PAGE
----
“Should I use chlorine bleach or iodine to clean my raw milk dairy equipment?”

This question often shows up in my inbox!

Among others about sanitizing raw milk equipment — what to use, why what they’re using isn’t working, how much sanitizer, etc.

I’m a firm believer in that if you’re producing raw milk then you’d better have some food grade bleach flying in your barn sanitizing that equipment.

Bleach Worries Unfounded

Over the years of troubleshooting with people I’ve had raw milk producers who thought they were being “green” by not using bleach, but you get into trouble with high bacteria counts (and nasty tasting milk) when you do that.

Bleach is the absolute best sanitizer for your equipment and the best way to kill dangerous bacteria.

As soon as bleach hits organic material it is inactivated, so you will not have residues of bleach in your milk if you use it as a sanitizer.

Hydrogen peroxide will NOT sanitize your equipment, either, so if you’re using that then you’ll need to switch right away.  I’ve also had some characters using kombucha in their equipment or even just vinegar.  Those are not effective at killing bacteria and will often encourage crazy bacterial growth!

Iodine vs. Bleach

There are also a few people I hear from using iodine.  I prefer food grade bleach for a number of reasons, most importantly it kills more bacteria than iodine.  Also, there can be a residual taste from iodine in the milk and your customers will complain or quietly disappear.

I use an iodine based teat dip pre and post milking, for sure, but to sanitize all my equipment I use food grade bleach from our local deLaval store.  If you’re truly set on iodine, though, as long as you don’t have hard water and your test results are very good, then maybe it’s okay for you.

Scrubbing and Changing out Equipment

Recently someone also asked how often I manually “scrub” the interior of my milk cans or the inside of the inflations.  I use a brush and a sponge to scrub inside my milk can every day.  There will be milk buildup (which will then harbor bacteria) on the side that you pour your milk out of if you don’t scrub it.

I typically do NOT use a brush inside my inflations.  And I have very, very low bacteria counts, so I trust my process.

Also, very important to remember to change out those inflations regularly.  On my 3 cow dairy I change them out every 6 months or approximately 1,000 milkings.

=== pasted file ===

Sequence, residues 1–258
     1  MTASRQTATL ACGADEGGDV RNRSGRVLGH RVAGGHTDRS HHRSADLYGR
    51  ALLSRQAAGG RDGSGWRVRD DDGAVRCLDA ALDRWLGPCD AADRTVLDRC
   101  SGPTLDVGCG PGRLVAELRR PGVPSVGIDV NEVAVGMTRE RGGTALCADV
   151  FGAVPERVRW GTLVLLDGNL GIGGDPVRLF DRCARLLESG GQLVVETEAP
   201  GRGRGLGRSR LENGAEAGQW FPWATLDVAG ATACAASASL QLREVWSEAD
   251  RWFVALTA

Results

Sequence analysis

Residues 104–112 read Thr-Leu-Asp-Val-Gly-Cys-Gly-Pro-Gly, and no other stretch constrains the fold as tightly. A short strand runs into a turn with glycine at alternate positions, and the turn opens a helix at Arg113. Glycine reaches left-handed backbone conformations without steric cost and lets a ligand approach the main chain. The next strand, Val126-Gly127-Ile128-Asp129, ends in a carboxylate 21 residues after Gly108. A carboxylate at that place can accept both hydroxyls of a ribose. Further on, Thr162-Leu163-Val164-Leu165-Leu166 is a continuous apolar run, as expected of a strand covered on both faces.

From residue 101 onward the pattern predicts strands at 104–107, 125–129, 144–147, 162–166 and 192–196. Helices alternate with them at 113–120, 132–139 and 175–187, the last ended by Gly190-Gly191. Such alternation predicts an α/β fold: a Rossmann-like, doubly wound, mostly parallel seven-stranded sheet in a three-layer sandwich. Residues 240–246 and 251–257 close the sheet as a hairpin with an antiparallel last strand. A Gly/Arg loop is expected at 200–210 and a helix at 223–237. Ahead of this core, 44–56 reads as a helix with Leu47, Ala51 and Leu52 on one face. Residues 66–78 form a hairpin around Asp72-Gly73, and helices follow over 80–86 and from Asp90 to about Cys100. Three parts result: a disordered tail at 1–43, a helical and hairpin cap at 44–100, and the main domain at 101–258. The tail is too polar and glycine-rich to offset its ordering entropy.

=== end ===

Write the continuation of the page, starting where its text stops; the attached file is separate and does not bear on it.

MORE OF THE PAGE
The harsh chemicals and daily usage make the inflations harden slowly and that can damage or at least stress the cow’s teats.  Also, there are teeny-tiny cracks invisible to your eyes that can harbor bacteria.

So again, 6 months seems to be my magic number, but depending on how many cows you have you may want to base it on about 1,000 milkings.

Also, have you seen my video outlining my cleaning process?  It’s been on the blog for a couple years, but if you’ve never seen it it’s worth a watch: click below to watch my cleaning process.

Now it’s your turn – will you do anything differently, or do you have your process down pat?  Are you able to get dairy chemicals locally or will you have to use store bought? (both are effective).  Scroll down below here to the comment section and tell me!!

Remember, if you produce raw milk you do GREAT work!! Providing raw milk to your family and community is a tough job and you are creating healthy, happy families by doing so.

Warm Hugs,

PS:  Proper amounts for store-bought chemicals when you don’t have access to proper dairy chemicals:
1)  1 T dish soap in 4 gallons luke-warm water
2)  4 cups white vinegar in 3-4 gallons hot water
3)  1 cup chlorine bleach in 3-4 gallons luke-warm water (hot water will inactivate it.)

Proper Dairy Chemical Amounts:
1)  CIP, 1 ounce in 3 gallons lukewarm water
2)  Pink Foaming Dairy Acid, 1 ounce in 3 gallons HOT water
3) 1 cap-full (yes, cap-full, not cup-full) food grade bleach in luke-warm water

Last step – sanitation – is done right before milking.

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Hi, I'm Charlotte Smith!

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